The largest-ever outbreak of the invasive oriental fruit fly in Florida in 2015 was successfully quelled through a six-month eradication program that combined outreach, control, science, technology, and regulation.
The return of the screwworm to Florida in 2016 was a surprise, but entomologists with the USDA and local, state, and international partners were prepared to respond. A new, in-depth report in the Journal of Medical Entomology shares a detailed account of their work re-eradicating the pest via the sterile insect technique—plus new lessons learned along the way.
The little yellow ant is a tropical species, native to Madagascar, but now it's been found in Florida.
Mowing less frequently along Florida’s highways may boost pollinator biodiversity, according to new research in the journal Florida Entomologist. Pollinators visit flowers searching for food in the forms of nectar […]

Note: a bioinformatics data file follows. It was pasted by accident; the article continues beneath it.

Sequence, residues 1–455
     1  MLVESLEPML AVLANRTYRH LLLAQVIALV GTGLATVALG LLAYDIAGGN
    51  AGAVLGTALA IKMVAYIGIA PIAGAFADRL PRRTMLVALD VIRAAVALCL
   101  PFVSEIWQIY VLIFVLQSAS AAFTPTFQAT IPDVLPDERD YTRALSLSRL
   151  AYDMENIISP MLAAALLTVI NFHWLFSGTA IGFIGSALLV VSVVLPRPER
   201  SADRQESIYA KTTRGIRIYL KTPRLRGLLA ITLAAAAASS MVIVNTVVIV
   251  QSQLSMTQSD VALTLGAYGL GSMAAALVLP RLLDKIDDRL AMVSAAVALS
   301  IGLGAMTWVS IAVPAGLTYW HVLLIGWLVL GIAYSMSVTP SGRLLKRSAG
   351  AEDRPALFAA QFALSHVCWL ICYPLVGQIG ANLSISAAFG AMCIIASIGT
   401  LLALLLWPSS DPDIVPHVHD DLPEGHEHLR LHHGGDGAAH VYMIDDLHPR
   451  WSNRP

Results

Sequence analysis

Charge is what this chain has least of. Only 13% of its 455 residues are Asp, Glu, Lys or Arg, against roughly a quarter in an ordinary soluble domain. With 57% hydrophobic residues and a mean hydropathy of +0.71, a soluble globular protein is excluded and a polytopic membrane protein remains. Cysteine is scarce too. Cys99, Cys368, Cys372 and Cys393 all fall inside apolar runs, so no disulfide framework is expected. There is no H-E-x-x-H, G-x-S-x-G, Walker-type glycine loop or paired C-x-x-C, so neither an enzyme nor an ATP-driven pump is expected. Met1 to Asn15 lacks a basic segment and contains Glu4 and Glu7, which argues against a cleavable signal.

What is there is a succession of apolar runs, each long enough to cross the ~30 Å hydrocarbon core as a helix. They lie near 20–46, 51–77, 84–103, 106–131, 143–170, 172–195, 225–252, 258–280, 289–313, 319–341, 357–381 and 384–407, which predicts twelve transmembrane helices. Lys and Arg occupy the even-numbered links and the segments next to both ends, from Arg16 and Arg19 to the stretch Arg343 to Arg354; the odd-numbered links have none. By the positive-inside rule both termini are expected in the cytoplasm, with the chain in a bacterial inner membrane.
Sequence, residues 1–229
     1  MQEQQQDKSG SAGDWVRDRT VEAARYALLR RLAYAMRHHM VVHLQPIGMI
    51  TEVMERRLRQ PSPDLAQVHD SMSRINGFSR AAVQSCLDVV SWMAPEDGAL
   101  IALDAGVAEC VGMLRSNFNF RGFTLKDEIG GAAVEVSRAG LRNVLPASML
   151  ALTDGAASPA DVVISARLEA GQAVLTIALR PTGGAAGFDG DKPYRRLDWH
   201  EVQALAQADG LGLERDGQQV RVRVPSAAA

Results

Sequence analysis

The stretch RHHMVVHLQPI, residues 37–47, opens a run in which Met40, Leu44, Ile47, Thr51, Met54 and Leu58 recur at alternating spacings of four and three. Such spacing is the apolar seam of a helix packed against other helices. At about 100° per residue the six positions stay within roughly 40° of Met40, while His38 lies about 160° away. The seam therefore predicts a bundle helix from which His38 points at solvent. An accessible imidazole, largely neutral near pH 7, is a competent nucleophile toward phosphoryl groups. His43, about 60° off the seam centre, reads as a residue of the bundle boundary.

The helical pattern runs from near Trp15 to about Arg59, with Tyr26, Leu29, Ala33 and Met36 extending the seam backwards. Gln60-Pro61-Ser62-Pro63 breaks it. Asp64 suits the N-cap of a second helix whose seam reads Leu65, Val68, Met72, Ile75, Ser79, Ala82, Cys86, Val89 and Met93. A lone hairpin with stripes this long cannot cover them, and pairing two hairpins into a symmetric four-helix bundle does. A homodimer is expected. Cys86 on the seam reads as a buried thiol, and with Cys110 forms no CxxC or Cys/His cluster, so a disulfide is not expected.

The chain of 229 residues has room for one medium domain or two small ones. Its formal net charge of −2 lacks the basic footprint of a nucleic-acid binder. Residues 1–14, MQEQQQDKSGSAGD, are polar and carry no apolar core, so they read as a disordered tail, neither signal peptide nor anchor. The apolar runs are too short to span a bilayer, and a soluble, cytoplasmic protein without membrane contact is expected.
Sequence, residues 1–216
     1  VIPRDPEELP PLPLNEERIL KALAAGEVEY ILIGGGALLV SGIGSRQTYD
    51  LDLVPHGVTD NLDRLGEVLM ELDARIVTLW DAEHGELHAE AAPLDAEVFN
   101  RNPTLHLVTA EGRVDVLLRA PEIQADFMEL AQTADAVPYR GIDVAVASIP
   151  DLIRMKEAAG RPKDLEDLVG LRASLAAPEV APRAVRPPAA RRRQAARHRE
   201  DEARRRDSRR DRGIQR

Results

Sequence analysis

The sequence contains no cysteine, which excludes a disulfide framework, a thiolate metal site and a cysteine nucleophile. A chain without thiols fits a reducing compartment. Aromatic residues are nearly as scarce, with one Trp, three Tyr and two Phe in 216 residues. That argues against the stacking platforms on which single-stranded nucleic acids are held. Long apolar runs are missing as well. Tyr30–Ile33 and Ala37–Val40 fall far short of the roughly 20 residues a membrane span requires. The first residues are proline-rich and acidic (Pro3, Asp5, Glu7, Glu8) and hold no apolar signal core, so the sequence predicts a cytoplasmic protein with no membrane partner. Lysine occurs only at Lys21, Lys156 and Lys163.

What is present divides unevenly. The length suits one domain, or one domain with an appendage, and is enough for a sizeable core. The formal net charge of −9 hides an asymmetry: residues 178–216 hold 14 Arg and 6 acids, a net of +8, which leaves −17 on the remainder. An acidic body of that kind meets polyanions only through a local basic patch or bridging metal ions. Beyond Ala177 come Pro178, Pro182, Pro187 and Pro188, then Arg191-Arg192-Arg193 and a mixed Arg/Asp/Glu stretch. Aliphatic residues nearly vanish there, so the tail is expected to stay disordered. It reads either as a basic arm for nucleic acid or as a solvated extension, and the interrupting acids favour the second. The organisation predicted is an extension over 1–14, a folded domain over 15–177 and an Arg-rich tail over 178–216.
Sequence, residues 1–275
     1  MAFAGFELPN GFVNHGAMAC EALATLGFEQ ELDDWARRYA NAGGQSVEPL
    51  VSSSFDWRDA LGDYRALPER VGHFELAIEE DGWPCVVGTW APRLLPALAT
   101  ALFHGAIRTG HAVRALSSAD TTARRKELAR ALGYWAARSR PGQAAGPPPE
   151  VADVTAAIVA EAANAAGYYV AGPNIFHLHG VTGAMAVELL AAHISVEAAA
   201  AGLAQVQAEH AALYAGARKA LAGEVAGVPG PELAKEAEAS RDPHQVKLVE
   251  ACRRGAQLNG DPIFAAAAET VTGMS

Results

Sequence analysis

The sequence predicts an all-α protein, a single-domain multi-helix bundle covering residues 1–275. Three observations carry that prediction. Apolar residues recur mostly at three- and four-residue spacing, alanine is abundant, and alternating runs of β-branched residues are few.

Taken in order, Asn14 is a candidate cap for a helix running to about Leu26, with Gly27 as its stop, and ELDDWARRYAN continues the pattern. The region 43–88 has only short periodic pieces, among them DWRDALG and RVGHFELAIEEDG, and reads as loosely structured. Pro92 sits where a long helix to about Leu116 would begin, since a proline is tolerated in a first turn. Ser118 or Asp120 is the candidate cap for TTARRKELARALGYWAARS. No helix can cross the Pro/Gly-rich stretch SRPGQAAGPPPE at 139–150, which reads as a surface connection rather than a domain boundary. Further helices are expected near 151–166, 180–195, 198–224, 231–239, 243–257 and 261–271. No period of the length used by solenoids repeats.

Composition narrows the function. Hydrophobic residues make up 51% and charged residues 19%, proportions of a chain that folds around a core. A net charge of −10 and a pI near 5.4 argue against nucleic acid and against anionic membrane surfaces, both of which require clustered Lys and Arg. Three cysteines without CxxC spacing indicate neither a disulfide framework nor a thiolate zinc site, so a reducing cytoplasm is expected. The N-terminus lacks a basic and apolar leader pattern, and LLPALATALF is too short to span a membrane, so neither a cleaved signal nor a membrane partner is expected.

Asian and Formosan subterranean termites cause about $40 billion a year in structural damage globally, and researchers from the University of Florida Institute of Food and Agricultural Sciences predict these […]
By Richard Levine Formosan subterranean termites (Coptotermes formosanus) and Asian subterranean termites (Coptotermes gestroi) are the most damaging pest species in the world. Both are highly invasive and have spread […]